Rootkits and Windows for x86-64

There’s recently been a great deal of talk about Windows for x86-64. One interesting feature of this operating system is that modifying the system structure is forbidden – this includes modifying:

  • kernel system tables, such as KeServiceDescriptorTable
  • the Interrupt Description Table (IDT)
  • the General Description Table (GDT)

The stack cannot be used in kernel mode unless expressly permitted by the kernel. The operating system will also check certain parts of kernel code for integrity, and modifying these parts of code will cause a Blue Screen of Death.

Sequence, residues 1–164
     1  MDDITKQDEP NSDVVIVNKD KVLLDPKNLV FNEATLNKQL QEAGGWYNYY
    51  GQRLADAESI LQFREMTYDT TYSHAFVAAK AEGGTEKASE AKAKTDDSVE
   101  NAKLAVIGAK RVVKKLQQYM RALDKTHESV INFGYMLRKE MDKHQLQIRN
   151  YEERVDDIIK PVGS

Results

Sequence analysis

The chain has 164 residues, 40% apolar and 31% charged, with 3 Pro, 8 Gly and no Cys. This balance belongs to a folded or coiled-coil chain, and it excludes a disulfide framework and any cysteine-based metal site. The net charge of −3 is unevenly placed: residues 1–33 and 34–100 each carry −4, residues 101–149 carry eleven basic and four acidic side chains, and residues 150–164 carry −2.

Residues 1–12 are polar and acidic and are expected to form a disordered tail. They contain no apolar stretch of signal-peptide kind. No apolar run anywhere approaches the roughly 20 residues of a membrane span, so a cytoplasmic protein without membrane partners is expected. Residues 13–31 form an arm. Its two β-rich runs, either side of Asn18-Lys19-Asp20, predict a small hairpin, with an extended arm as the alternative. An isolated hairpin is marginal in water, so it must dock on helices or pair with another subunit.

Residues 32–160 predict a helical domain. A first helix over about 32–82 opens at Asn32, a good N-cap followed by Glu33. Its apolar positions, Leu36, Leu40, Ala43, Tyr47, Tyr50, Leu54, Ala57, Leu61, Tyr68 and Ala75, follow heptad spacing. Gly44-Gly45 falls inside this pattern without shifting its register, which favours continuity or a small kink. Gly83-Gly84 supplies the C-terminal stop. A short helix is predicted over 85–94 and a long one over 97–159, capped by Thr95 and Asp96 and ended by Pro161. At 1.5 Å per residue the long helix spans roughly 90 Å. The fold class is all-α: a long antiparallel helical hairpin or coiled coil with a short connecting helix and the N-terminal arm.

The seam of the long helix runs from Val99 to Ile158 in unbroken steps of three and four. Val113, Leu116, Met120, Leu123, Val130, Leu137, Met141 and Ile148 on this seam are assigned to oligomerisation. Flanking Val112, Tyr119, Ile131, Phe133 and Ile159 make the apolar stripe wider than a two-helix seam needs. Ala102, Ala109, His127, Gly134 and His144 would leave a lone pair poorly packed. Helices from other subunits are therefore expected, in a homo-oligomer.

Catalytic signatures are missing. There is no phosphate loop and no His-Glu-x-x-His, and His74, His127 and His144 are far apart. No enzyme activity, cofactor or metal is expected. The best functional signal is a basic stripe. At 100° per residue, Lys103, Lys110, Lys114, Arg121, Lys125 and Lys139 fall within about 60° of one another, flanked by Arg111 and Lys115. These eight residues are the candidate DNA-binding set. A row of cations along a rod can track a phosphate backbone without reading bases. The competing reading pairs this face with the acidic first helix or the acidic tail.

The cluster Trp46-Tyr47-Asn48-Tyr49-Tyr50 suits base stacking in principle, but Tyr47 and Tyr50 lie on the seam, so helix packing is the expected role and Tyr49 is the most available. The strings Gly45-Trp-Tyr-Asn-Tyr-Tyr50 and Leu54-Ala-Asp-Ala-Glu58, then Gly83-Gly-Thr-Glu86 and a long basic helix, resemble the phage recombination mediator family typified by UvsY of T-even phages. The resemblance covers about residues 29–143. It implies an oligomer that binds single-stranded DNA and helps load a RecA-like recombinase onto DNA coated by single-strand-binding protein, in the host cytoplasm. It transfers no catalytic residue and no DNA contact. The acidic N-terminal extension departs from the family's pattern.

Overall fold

This last check is performed only on native AMD64 systems (but not on Intels’ EM64T clones).

The security measures applied in the new operating system which aim to protect the address space will make developing new rootkits very complicated, since many of them aim to modify the handler execution path (for instance, intercepting KeServiceDescriptorTable) and the system structures.

So the good news is that the majority of today’s rootkits will be unable to function in kernel mode under this new operating system

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